Community
If You Live Or Work Near Our Pipelines

If you live or work near one of our pipelines it’s important to know how to recognize signs of a leak and what to do if you suspect one near you.

To identify the exact location of a pipeline before digging, call 811 to reach your local One-Call Center.

Pipeline markers are located along the pipeline route, at road and railroad crossings and at all aboveground facilities.

Markers identify the general area but not the exact location or depth of the pipeline. They specify the type of product transported, the operator’s name and an emergency contact number.



The federal government also provides maps that show the approximate location of transmission pipelines in your community through the National Pipeline Mapping System.

NPMS

To view maps visit the National Pipeline Mapping System.


You can also visit our Interactive Pipeline Website for maps of our Tallgrass system.

Government and safety officials can also request an electronic data file.

Pipelines Near Your Home or Business

Do you have a family or business evacuation plan in the unlikely event of a pipeline leak or rupture?

Ensure the safety of your family, employees and protect your property by familiarizing yourself with the location of pipelines near your home or business and by knowing how to identify, respond to and prevent a leak or rupture.

Pipelines Near your Farm or Ranch

Do you always call One-Call before initiating any type of deep excavation activity?

Farm and ranch equipment is a common source of pipeline damage and can cause loss of life and property. Deep excavation activity including plowing, tilling, terracing, subsoiling or installing a fence can endanger underground pipelines.

Farmers and ranchers can protect their family, employees and property by verifying the location of pipelines before excavating and by knowing how to identify, respond to and prevent a leak or rupture.

Pipelines Near your School

Do you know where underground pipelines are located near your school?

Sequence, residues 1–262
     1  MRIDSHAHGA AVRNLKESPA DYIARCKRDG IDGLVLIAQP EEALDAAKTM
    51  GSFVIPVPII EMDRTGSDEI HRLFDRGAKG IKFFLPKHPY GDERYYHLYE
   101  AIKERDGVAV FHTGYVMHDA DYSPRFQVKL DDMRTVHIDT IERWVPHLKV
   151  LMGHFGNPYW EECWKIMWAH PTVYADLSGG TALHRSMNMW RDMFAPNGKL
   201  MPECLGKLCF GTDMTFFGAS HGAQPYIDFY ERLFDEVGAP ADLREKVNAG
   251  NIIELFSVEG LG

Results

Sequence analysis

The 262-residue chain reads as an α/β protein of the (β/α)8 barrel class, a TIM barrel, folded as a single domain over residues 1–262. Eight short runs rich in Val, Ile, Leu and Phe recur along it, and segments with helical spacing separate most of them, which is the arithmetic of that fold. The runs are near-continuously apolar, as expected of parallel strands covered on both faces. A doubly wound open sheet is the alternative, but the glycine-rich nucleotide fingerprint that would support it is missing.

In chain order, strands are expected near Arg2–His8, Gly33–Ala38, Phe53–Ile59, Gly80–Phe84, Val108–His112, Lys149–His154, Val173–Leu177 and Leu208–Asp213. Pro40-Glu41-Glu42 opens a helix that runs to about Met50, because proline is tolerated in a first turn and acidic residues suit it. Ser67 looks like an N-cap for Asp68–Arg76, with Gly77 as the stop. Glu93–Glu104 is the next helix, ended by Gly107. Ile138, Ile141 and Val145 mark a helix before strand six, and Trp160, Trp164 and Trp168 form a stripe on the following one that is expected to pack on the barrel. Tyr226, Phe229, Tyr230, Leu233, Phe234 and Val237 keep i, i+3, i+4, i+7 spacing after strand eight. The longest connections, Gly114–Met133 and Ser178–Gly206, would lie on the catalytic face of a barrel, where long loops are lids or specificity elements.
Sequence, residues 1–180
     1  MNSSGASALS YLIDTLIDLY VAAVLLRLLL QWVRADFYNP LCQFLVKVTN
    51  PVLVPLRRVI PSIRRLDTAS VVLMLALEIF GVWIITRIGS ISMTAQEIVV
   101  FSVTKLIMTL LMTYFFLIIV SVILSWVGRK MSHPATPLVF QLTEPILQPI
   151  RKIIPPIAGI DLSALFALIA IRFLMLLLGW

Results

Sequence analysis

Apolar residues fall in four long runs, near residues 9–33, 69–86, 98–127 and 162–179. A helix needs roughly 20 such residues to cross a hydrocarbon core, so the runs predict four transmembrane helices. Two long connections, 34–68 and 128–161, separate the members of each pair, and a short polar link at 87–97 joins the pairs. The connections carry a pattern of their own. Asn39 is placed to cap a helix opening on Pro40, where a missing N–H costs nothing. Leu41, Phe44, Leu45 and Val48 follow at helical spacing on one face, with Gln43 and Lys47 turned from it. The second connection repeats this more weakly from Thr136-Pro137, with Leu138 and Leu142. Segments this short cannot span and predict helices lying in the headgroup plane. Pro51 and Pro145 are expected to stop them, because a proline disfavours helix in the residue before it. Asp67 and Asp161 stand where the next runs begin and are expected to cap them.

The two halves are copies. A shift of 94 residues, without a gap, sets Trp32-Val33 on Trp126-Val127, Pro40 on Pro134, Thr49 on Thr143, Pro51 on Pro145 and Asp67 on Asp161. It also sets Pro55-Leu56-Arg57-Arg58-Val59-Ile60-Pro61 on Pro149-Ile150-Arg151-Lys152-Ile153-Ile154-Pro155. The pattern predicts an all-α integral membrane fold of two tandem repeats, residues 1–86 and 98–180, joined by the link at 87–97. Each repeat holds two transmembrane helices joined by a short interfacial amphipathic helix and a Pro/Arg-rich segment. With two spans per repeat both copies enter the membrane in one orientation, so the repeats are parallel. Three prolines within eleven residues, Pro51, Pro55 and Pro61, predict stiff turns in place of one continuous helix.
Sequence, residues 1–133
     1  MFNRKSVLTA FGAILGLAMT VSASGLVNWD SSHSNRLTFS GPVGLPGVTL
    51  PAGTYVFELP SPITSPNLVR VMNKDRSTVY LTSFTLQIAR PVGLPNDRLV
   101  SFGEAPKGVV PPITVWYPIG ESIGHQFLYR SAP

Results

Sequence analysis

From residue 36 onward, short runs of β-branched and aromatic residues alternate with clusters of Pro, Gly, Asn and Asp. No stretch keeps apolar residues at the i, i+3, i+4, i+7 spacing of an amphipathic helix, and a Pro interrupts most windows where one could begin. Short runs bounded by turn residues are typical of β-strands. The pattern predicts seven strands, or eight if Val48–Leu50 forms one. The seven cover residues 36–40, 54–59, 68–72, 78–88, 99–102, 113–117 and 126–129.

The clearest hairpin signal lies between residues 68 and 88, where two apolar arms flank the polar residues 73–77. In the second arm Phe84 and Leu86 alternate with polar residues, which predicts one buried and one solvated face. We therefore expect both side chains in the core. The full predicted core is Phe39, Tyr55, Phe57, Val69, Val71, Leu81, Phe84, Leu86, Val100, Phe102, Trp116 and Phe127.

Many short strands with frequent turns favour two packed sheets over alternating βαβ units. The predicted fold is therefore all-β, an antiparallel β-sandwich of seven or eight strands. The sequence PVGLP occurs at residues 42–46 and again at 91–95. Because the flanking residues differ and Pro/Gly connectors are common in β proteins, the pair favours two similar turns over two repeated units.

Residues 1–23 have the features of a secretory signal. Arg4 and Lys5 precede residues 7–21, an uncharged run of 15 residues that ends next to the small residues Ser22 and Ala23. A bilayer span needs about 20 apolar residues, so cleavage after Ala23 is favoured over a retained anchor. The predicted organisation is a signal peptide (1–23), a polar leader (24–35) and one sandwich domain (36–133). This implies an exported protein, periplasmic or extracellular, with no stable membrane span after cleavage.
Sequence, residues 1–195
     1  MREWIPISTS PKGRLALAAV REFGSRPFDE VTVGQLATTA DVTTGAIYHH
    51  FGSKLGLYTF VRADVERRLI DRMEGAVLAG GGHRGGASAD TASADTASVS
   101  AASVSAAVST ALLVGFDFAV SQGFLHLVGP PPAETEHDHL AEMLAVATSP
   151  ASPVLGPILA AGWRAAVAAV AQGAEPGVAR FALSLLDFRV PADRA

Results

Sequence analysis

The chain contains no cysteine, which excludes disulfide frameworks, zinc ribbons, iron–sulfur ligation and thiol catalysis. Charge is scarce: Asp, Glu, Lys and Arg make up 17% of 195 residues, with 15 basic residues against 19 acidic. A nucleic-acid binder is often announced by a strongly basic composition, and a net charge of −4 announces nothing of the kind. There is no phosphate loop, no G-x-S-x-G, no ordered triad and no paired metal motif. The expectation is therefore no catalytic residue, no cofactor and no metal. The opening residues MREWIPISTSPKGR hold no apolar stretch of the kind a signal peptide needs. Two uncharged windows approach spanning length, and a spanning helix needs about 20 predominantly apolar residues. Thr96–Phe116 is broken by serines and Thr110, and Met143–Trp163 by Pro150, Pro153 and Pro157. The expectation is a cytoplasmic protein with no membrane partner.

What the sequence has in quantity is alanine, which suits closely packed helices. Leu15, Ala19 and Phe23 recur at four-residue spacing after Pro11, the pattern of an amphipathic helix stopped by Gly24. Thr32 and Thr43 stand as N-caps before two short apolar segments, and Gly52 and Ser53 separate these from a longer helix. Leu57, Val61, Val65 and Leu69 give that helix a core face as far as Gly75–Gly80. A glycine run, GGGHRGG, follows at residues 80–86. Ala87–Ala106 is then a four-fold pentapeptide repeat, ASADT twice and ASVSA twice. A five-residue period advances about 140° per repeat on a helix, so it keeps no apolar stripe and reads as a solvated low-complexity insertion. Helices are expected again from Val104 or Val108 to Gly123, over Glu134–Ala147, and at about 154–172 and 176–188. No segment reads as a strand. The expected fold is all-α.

School personnel working near a Tallgrass pipeline are encouraged to familiarize themselves with the pipeline's path and to develop safety and evacuation procedures that address response to a suspected pipeline leak or rupture.

Pipelines in your Comunity

Are you prepared to respond to a pipeline leak or rupture?

Ensure the safety of your community by familiarizing yourself with the location of pipelines and by knowing how to identify, respond to and prevent a pipeline leak or rupture.

Tallgrass has a solid safety record and is prepared to respond to and manage any disruptions that may occur. However, a pipeline incident can be dangerous and requires caution and immediate action.

In emergency situations, Tallgrass priorities are the same as yours—protect life, property and the environment.

In addition to 24-hour monitoring and ongoing safety and security procedures, Tallgrass relies on local government and safety officials to notify Tallgrass when you observe potential right-of-way restriction violations or potential damage to our facilities, which could endanger public safety.

Pipelines Near Your Job Site

Do you always call One-Call before beginning an excavation project?

Excavation activity is the most common source of serious pipeline damage and can cause loss of life and property.

Protect your employees, equipment and company reputation by verifying the location of pipelines and underground utilities before you dig and by knowing how to identify, respond to and prevent a pipeline leak or rupture.

Contractor Safety Resources

Contractor Safety Forms

Contractor Safety Contact

Brian Mendenhall
EHS Sr. Specialist
Tallgrass Energy
Kearney, NE
Tel: (308) 865-0714
Email: Brian.Mendenhall@tallgrassenergylp.com